Gish Jen's The Resisters predicted the future, and it wasn't entirely an accident
In Gish Jen's The Resisters, citizens of a futuristic America (now known as AutoAmerica) live among the after-effects of devastating climate change, are separated by class (some have jobs and live on literal higher ground, others are unemployed and relegated to swampland), and are lorded over by an AI Big Brother. The prolific author wrote the book — which released in paperback this month — three years ago but its themes and, more importantly, the warnings within, are more relevant than ever. Here, she talks to EW about what it feels like to have predicted the future.
ENTERTAINMENT WEEKLY: It's hard to talk about this book without spending the entire time in awe of how prescient it is to this exact moment in time. Could you ever have imagined this?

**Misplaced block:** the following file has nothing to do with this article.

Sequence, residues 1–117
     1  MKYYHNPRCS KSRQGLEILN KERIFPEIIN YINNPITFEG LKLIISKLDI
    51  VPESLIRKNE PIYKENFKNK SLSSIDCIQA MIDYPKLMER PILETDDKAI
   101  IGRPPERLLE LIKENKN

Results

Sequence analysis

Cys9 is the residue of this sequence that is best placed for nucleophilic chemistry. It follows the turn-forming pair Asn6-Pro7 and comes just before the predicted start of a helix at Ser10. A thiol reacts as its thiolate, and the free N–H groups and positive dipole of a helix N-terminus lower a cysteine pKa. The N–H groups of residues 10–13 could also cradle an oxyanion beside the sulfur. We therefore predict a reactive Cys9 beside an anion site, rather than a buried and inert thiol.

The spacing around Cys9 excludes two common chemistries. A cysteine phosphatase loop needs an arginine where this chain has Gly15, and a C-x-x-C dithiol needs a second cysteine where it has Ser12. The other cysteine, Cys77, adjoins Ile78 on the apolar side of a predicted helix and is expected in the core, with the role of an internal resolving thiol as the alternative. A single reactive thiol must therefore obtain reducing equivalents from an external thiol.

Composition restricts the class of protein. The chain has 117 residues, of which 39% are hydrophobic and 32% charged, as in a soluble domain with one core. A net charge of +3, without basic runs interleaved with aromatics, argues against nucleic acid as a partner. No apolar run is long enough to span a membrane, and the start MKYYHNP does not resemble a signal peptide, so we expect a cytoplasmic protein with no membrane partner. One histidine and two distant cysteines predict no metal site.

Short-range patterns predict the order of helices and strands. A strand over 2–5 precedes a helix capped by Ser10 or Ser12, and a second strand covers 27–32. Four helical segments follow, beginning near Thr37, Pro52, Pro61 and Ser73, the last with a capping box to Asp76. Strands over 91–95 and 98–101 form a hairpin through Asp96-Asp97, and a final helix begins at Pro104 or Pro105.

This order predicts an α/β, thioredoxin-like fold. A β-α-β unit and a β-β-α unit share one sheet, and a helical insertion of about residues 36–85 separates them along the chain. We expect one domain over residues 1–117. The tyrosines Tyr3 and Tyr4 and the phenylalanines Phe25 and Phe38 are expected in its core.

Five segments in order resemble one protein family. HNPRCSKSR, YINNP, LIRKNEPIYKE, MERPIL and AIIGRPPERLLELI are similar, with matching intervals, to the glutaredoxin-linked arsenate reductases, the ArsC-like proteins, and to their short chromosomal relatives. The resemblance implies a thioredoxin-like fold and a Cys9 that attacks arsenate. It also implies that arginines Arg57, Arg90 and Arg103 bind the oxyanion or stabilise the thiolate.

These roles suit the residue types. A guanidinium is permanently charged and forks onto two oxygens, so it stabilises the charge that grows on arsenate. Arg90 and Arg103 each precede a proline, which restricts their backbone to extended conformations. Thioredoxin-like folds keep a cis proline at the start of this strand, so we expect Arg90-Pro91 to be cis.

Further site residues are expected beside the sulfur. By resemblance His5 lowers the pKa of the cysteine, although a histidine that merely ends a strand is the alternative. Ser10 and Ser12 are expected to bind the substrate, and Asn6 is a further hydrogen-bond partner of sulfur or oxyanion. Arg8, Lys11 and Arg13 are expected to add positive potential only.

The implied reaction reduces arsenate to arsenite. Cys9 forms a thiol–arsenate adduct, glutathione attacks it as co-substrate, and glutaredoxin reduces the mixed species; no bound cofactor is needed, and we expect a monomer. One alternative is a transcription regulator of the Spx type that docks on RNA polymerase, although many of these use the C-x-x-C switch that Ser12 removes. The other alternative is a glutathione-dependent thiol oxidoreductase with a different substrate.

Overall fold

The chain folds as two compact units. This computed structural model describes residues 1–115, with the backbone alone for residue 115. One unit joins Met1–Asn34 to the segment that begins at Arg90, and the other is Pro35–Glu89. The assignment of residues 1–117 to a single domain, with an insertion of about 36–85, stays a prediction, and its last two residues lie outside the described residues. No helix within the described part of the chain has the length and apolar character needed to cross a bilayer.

GISH JEN: When I sat down to write this book in 2017, we were only 10 months into the presidency and I think you can see pretty clearly that I was already worried about the future of democracy. Some of the elements of the book were already in the making. Of course, at the time that I wrote them, I thought this was a far-off dystopian future, that it would be quite a ways off.
It's easy to imagine that you're alarmed about how quickly everything came to pass...
In my book, there are riots where people overtake the Capitol. And there's the whole idea of people without jobs; I'm sure you've seen the recent write-ups about who exactly has lost their jobs during the pandemic. Just like in the book, we see how certain members of society are seen as expendable. I wrote this because I was afraid we might be headed in that direction, and because I wanted to raise the question: where are we going? Is this there we want to go? I certainly could not have predicted that by the time the paperback came out, we would be very well along that road.
What methods did you use to build out this world in The Resisters? Was it based on research or specific predictions for society, or did it come purely from your imagination?